Palm Sunday of the Lord’s Passion
On Sunday we celebrate Passion Sunday, and our account of the Passion of Jesus comes from Matthew’s Gospel (26:14 – 27:66). I would like to reflect on the Passion of Jesus in the context of some words we find in our first reading from Isaiah (50:4-7): "The Lord GOD has given me a well-trained tongue, that I might know how to speak to the weary a word that will rouse them."
Is the Passion of Jesus a word that can rouse people? The answer is "Yes!" Yes, because in the Passion of Jesus we find God’s love demonstrated in a most significant way: the Son of God sacrificing Himself for our salvation! In the words of our second reading from Philippians (2:6-11), Jesus "emptied himself" so that we could attain the fullness of life!
The Passion of Jesus shows us that God can transform evil into good; that suffering can bring healing, and dying can lead to life! By dying on the Cross and rising from the dead, Jesus has overcome for us the power of sin and death!
There are times when we can get weary. We can get weary of a seemingly endless struggle to survive. We can get weary of fighting one illness after another. We can get weary of constant pain. We can get weary of the injustice and violence in our world. The Passion of Jesus may not offer some miraculous cure, but when we reflect upon Jesus on the Cross, we know we are not alone. We know that Jesus is there in the midst of our pain, and will help us carry the crosses that come in our lives. We know that somehow, some way, Easter will come! We know that Jesus will take us through the Cross to the other side.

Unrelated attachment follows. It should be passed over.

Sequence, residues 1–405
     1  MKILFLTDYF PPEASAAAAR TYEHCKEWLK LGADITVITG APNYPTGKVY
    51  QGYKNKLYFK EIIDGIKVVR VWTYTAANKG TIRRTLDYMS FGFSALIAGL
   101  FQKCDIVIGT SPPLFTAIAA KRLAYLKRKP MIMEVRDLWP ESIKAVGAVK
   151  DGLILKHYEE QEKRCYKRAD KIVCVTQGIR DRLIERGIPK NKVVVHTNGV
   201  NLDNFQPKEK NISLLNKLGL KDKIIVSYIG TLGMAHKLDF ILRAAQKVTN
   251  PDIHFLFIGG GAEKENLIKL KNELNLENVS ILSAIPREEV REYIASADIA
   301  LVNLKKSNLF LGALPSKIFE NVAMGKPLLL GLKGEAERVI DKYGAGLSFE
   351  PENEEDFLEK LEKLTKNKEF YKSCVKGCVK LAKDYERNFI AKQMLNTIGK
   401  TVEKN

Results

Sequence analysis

When we get in touch with the love Jesus shows us on the Cross, we can be roused out of despair and exhaustion. But Jesus’ Passion can also rouse us out of fear. We need not be like Peter, who became scared and wound up denying that he even knew Jesus. We can’t deny that we are connected to those who are "crucified" today.
If we let Jesus love on the Cross get to us, we will be roused out of apathy and complacency. We can’t be like Pilate, and pretend that we can "wash our hands" of what is going on in the world. Too often, the choices we make have some bearing on the rest of creation, including the lives of people thousands of miles away.
May the Passion of Jesus also rouse us out of a mob mentality where people are oh so ready to attack others. Many of the same people who sang hosannas to Jesus when He entered Jerusalem cried out that He be crucified. We can be susceptible to the same thing. Here in Detroit, we are still reeling from an attack on a man who accidentally hit a young child while driving his truck. Personally, I can’t even be sure you could call it vigilante justice. It seems to me to be more of just plain mob anger at what happened to the little girl. The driver did not hit her and run, but got out of the truck to help her, and that was somehow lost on the people who attacked him. So we can’t be like the crowds, either.
The founder of the Passionists, St. Paul of the Cross, had a motto that has stayed with us Passionists throughout the centuries: "May the Passion of Jesus Christ be always in our hearts!" May the Passion, and the great love which it represents enter more deeply into our hearts, and rouse us out of weariness and fear and despair and complacency and anger, and move us to love and peace and justice.
Have a Blessed Holy Week!
Fr. Phil Paxton, C.P. is on staff at St. Paul of the Cross Retreat and Conference Center, Detroit, Michigan.